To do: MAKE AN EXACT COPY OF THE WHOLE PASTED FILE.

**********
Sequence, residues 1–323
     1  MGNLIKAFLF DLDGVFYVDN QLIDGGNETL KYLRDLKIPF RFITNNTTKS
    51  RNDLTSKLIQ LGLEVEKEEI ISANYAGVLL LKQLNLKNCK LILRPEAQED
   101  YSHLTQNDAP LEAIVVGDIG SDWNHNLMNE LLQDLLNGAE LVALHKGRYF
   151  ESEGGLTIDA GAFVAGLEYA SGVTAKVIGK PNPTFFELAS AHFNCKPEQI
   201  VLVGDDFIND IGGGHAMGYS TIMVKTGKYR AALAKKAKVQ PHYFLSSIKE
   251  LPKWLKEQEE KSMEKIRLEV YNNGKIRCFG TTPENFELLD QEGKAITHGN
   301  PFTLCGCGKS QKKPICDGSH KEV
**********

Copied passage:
Sequence, residues 1–323
     1  MGNLIKAFLF DLDGVFYVDN QLIDGGNETL KYLRDLKIPF RFITNNTTKS
    51  RNDLTSKLIQ LGLEVEKEEI ISANYAGVLL LKQLNLKNCK LILRPEAQED
   101  YSHLTQNDAP LEAIVVGDIG SDWNHNLMNE LLQDLLNGAE LVALHKGRYF
   151  ESEGGLTIDA GAFVAGLEYA SGVTAKVIGK PNPTFFELAS AHFNCKPEQI
   201  VLVGDDFIND IGGGHAMGYS TIMVKTGKYR AALAKKAKVQ PHYFLSSIKE
   251  LPKWLKEQEE KSMEKIRLEV YNNGKIRCFG TTPENFELLD QEGKAITHGN
   301  PFTLCGCGKS QKKPICDGSH KEV